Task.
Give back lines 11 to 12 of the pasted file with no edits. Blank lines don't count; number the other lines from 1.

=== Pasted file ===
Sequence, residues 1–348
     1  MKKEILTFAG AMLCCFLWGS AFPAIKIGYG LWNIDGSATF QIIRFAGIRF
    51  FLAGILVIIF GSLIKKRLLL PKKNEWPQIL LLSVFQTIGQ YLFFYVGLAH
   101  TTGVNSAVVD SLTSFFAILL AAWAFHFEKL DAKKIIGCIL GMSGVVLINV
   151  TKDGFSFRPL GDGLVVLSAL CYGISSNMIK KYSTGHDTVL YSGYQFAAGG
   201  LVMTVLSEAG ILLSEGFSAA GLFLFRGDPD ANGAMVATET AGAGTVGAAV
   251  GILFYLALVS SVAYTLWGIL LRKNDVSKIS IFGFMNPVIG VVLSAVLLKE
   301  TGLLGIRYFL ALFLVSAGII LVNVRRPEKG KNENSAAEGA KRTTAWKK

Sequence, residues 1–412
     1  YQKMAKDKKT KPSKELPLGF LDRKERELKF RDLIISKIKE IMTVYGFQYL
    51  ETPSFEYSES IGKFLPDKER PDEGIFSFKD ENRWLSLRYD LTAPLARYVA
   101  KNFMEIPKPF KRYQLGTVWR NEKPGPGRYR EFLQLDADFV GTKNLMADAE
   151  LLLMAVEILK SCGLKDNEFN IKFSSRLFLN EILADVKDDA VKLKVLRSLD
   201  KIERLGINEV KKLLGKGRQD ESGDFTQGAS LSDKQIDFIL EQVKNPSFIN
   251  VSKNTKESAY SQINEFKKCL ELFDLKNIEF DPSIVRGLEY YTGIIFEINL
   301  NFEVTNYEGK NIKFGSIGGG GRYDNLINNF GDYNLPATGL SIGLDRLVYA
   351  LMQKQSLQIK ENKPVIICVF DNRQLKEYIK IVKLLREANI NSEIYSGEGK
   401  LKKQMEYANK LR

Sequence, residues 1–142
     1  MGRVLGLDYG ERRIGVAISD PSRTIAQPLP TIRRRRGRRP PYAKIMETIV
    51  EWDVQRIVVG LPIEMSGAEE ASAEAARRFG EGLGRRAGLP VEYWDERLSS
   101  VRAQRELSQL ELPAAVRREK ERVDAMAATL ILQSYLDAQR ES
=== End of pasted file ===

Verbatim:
    51  ETPSFEYSES IGKFLPDKER PDEGIFSFKD ENRWLSLRYD LTAPLARYVA
   101  KNFMEIPKPF KRYQLGTVWR NEKPGPGRYR EFLQLDADFV GTKNLMADAE